Does the Bible Forbid Drinking Wine or Alcoholic Beverages?

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Does the Bible forbid drinking wine or alcoholic beverages?

Yours is one of those questions to which a yes or no answer will never do full justice. “Forbid” suggests a command against any amount of wine for any purpose. Such a prohibition is not found in Scripture. However, a simple no to your question does not adequately address the evidence, either.

In the case of wine or strong drink, texts on both sides of the debate are easily listed:

  • Warnings against wine: Proverbs 20:1; 21:17; 23:31; 31:4, 5; Isaiah 5:11; 28:1, 7; 56:12; Hosea 4:11; Habakkuk 2:5; and Ephesians 5:18. Several more forbid drunkenness.
  • Approvals of wine: Deuteronomy 14:26; Psalm 104:15; Proverbs 31:6, 7; Ecclesiastes 2:3; Luke 5:39; John 2:1-11; and 1 Timothy 5:23. It will not work to argue that fresh grape juice is intended in each of these texts.

This textual evidence provides wiggle room for the viewpoints of both the total abstainer from alcohol and the user in moderation. The apostle Paul grasped this ambiguity and teaches us to live with it. In Romans 14, a key chapter on doubtful issues, he mentions wine (v. 21), suggesting that drinking may have been on his, or someone’s, list of disputable matters in the early church.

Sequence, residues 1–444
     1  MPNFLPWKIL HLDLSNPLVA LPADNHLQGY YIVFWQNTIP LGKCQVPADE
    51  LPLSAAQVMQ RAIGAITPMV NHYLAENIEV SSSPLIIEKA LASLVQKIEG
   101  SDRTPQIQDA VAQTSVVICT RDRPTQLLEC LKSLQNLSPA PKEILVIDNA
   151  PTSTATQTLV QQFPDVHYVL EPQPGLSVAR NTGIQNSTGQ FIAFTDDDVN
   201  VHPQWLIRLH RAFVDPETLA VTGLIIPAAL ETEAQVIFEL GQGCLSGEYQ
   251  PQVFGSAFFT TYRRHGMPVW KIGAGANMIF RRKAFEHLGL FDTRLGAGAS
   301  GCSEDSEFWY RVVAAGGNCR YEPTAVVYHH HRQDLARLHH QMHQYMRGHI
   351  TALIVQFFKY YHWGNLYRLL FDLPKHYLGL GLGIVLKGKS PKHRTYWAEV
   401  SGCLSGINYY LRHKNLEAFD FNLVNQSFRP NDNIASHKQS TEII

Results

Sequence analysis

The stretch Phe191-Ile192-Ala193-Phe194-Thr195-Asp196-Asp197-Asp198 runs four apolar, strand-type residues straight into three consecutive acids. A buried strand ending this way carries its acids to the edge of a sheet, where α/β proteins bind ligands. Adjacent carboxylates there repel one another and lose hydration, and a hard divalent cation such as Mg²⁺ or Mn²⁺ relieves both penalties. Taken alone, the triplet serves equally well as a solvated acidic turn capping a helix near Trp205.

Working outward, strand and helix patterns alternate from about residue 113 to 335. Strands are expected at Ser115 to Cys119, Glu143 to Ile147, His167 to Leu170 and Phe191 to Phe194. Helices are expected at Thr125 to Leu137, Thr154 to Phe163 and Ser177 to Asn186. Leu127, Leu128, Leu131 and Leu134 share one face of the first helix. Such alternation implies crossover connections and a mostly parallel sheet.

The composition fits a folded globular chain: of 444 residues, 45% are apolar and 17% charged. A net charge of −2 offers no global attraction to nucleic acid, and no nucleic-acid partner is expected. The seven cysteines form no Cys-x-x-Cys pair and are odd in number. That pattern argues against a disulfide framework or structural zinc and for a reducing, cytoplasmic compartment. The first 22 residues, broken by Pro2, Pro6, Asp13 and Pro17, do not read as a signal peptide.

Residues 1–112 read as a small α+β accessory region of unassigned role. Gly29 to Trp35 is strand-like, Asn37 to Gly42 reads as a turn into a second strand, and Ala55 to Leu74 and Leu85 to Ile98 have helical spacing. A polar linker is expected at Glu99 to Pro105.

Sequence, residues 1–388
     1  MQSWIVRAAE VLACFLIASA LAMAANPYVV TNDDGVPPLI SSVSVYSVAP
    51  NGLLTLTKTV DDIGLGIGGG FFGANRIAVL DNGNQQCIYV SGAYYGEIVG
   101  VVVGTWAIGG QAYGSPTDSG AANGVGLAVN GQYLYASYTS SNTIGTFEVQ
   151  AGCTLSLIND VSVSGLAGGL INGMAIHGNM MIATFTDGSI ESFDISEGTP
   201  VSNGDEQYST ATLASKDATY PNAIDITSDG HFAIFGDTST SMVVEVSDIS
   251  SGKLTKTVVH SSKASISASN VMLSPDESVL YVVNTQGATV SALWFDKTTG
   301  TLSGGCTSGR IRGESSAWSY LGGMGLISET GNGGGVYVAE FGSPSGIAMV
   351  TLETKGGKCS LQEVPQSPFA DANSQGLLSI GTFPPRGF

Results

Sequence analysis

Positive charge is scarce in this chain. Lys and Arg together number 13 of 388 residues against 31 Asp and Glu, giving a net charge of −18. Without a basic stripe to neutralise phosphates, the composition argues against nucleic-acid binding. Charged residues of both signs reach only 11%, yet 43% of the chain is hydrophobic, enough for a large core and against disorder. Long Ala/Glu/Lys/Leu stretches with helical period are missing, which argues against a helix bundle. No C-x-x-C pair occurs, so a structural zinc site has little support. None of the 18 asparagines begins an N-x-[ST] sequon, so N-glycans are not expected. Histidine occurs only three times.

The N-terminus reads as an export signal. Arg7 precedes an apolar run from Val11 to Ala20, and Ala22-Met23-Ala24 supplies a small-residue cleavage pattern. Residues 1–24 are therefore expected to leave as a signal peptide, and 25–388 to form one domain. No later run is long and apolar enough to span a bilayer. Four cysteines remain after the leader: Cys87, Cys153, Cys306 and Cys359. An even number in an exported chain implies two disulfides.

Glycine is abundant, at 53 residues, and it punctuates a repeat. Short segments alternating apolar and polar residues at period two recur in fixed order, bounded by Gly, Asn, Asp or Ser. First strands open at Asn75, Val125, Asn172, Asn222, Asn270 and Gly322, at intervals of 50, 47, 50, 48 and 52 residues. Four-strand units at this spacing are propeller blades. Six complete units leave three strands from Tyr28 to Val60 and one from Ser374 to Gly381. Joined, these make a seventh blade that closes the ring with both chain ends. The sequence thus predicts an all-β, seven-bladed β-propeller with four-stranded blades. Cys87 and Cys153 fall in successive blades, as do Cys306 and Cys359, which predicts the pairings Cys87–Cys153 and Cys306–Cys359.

And what does the Apostle say about such questions? He urges us to make doubtful decisions based on two factors: their impact on others (v. 21) and our own consciences (vv. 22, 23). So ask yourself these questions: Will my drinking wine or strong drink cause anyone to stumble? And will it go against my best teaching and training in the faith? If the answer to either question is yes, the counsel of Paul is “Just say no.”

— Elder Calvin Burrell

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    Calvin Burrell
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    Calvin Burrell is former editor of the Bible Advocate and former director of G. C. Missions. He retired in 2015 and lives with his wife, Barb, in Stayton, OR. They attend church in Marion, OR.